DeLay, of course, was the Robespierre of the 1994 ‘Republican Revolution’, perhaps the most ruthless crusader for one-party government in us history. As one of the co-founders of the so-called ‘K Street Project’,  along with Rick Santorum and Grover Norquist, he was notorious for coercing huge campaign contributions from corporate lobbyists (as well as promises to hire only Republicans) in exchange for allowing them to directly write gop legislation. As Majority Leader (or ‘Hammer’ as he was known to Republicans as well as Democrats), he imposed unprecedented ideological discipline on the gop (even defying a White House attempt to give a small tax break to low-income families) while slashing at every vestige of bipartisanship and collegial civility. In partnership with the infamous Abramoff, he was also the advocate of the sleaziest causes in the Capitol, ranging from support for indentured labour in the sweatshop paradise of the Northern Marianas (a us territory without the protection of us labour laws) to under-the-table favours for a giant Russian corporation that in turn kicked back money to DeLay-related causes. 
After more than a decade of being roadkill in the wake of DeLay’s sleaze-financed campaign juggernaut (with Karl Rove as hit-and-run driver), the Democrats now have the opportunity to begin to roll back the Republican Revolution—which is to say, to break up the corrupt flows of money and power personified by DeLay and the K Street Project. Congress, of course, has always been about ‘pay to play’ and the lubrication of politics by lobbyists, but never before 1994 had the Republicans employed such stark coercion to impose themselves as the obligatory rather than simply the natural party of business. (In part, this was a reaction to Democratic successes in attracting support from bicoastal, new-economy sectors like entertainment, media, software, bio-tech and gaming.)
The exhilarating promise of the November victory is that a cadre of veteran liberal Democrats—Charles Rangel (Ways and Means), Barney Frank (Financial Services), Henry Waxman (Government Reform), David Obey (Appropriations), Ike Skelton (Armed Forces), and John Rockefeller iv (Senate Intelligence Committee)—will use their hard-won committee chairmanships to mount sweeping inquisitions of the Himalayan corruption and collusion of the DeLay years. With subpoena power finally in the hands of the opposition, the interlocking special interests that dominate the Bush administration will face the comprehensive exposure and accounting that they managed to elude in the aftermath of the Enron scandal. Indeed, as the skeletons come tumbling out of the Republican closet, and the public realizes how vast the extent of graft and fraud in the occupation of Iraq, the non-reconstruction of New Orleans, ‘homeland security’ boondoggles like the phony Bioshield programme, and the subsidization of the insurance, pharmaceutical and oil industries—then voters will overwhelmingly endorse a new regime of government oversight, renewed environmental and health-and-safety regulation, and serious campaign finance reform.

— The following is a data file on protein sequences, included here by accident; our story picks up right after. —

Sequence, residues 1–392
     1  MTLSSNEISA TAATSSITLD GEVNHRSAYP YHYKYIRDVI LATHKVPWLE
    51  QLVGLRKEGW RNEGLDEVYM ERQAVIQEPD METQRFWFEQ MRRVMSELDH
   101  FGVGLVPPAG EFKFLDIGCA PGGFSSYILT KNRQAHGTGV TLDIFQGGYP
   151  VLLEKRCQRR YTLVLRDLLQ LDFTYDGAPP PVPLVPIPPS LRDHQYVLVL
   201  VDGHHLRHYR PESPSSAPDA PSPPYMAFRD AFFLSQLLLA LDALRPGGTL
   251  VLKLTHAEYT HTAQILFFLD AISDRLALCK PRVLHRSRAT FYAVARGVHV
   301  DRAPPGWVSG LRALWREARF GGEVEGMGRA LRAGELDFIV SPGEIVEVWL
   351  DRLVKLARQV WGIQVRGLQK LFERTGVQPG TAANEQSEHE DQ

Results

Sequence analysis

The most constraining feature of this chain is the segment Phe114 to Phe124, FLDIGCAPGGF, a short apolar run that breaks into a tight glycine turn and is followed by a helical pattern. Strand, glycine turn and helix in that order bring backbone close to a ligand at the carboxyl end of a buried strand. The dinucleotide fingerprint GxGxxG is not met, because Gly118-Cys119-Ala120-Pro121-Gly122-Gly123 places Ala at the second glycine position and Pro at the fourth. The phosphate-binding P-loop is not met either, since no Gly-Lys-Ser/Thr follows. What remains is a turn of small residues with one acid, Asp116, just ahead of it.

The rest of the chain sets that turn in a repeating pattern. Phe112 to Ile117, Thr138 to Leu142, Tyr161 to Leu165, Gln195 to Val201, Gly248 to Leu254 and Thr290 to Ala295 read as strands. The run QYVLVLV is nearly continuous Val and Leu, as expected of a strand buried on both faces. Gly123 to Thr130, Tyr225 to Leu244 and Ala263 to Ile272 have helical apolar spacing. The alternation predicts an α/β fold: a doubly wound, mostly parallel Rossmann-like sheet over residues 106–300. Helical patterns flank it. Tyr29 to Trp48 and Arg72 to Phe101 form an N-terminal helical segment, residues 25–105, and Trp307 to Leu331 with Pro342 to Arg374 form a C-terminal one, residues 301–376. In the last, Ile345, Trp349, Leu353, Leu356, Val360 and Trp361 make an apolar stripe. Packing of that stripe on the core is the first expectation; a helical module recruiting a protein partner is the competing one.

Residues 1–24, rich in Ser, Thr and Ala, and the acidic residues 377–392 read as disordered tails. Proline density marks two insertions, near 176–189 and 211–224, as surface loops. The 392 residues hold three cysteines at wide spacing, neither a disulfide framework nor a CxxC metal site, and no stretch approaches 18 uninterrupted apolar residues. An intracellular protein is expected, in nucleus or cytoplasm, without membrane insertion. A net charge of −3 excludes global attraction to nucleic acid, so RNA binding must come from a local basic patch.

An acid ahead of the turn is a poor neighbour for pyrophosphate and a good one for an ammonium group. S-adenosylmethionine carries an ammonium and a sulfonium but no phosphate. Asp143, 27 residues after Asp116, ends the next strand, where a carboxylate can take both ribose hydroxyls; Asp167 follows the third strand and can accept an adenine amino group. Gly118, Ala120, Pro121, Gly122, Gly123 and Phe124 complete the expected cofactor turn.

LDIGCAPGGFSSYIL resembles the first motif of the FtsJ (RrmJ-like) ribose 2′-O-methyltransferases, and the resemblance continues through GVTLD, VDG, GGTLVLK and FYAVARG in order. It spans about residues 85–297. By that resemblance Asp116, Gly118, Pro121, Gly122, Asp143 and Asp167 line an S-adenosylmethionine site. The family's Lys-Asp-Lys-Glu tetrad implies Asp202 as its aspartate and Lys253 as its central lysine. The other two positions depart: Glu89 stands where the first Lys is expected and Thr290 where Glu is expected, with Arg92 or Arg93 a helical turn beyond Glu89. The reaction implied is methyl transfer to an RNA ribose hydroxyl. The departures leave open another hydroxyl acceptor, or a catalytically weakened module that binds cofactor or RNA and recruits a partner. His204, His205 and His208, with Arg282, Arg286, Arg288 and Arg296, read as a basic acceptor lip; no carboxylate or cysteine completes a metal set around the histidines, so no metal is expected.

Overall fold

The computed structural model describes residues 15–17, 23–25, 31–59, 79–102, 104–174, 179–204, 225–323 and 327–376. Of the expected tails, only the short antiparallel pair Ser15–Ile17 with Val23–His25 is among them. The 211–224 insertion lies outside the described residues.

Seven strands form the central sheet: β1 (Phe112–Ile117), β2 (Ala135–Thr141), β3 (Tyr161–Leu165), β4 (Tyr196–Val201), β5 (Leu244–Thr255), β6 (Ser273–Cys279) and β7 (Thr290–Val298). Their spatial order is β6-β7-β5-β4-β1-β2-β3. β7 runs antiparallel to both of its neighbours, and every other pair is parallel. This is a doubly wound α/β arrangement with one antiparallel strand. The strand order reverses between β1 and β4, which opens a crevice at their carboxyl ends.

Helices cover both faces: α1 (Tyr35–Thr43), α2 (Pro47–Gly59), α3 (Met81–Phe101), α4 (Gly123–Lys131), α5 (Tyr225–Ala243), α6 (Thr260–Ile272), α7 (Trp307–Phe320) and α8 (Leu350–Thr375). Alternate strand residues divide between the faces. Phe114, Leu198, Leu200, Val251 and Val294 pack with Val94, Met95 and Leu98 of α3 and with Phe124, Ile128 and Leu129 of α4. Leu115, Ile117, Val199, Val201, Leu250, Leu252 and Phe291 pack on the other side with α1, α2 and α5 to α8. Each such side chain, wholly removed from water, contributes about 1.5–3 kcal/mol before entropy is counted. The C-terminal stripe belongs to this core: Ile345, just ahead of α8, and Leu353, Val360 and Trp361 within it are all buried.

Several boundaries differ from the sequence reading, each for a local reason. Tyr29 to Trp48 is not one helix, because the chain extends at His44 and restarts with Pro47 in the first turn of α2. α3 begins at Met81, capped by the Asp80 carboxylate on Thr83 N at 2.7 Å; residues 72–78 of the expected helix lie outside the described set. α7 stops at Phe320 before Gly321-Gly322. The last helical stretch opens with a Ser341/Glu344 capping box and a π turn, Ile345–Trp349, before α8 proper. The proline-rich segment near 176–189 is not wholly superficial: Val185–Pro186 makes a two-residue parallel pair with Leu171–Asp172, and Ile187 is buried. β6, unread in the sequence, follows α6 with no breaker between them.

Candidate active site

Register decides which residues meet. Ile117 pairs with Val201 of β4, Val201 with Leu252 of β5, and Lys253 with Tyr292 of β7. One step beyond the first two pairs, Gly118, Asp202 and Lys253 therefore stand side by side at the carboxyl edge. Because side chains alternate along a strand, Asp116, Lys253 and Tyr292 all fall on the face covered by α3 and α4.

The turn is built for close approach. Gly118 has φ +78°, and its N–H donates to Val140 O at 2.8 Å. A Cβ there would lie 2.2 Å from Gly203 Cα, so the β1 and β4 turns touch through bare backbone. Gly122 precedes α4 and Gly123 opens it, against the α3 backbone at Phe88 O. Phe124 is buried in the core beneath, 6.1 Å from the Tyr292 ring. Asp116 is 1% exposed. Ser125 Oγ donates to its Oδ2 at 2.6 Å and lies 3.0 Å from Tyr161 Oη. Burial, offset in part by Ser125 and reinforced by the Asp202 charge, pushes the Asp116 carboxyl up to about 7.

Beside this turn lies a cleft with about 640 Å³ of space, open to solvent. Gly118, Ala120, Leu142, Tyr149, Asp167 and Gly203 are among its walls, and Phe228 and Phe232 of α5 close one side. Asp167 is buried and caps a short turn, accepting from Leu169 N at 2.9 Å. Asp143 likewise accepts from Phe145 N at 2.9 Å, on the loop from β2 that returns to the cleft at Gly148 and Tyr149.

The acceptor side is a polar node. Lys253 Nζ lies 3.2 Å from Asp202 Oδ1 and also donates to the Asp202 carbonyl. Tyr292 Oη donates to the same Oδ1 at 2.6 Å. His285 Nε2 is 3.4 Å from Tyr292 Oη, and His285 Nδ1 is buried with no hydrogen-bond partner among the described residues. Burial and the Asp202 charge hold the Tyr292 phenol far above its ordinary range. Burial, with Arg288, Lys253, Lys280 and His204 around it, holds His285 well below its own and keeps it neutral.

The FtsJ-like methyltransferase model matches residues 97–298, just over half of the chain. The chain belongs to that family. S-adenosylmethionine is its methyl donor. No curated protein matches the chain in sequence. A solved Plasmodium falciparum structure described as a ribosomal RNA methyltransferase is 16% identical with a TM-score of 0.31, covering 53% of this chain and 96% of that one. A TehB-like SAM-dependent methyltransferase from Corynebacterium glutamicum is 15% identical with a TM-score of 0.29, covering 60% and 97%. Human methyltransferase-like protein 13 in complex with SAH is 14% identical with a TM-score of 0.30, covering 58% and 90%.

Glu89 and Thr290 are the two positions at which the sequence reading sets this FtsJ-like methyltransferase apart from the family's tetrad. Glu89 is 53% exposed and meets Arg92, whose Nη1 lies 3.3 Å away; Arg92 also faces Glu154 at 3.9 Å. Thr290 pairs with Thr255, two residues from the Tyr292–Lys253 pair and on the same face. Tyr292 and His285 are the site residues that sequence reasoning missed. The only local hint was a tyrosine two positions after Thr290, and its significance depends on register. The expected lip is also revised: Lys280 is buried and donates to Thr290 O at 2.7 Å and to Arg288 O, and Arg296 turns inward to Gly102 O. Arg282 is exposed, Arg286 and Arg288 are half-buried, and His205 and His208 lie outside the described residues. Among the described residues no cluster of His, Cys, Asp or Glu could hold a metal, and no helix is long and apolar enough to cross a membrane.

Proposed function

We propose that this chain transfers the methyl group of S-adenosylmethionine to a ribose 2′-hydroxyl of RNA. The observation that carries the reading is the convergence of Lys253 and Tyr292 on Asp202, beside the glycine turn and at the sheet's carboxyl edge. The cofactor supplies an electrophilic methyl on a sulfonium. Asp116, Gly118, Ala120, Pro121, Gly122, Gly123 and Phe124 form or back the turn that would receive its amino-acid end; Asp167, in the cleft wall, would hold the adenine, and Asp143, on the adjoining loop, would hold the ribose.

This is the real opportunity to which the Democrats could rise in theory, but there is little chance that their leadership will actually allow congressional probes to follow money and corruption all the way upstream. Progressive hopes that Congress might return to the heroic days of Thurman Arnold’s anti-trust investigations of the late 1930s, or the Watergate Committee’s exposés of Republican law-breaking in the 1970s, are pipe dreams in face of Pelosi’s insistence that Democratic watchdogs be tightly leashed, in the interests of building ‘centrism’. She has already extracted humiliating loyalty oaths from the two senior Black Democrats most likely to rock the bipartisan boat: forcing John Conyers (chair of the Judiciary Committee) to recant his advocacy of impeachment (‘the country does not want or need any more paralysed partisan government’, he said recently) and making Charles Rangel, who has hammered Dick Cheney like no one else in Congress, sing a chorus or two of the company song (‘I have to take a leadership view’, he promised).  Even more diabolically, she has put Henry Waxman (‘White House Enemy No. 1’) in charge of ensuring (in the words of analyst Brian Friel) that congressional oversight does not ‘open Democrats up to charges of obstructionism and extremism in the next campaign cycle’.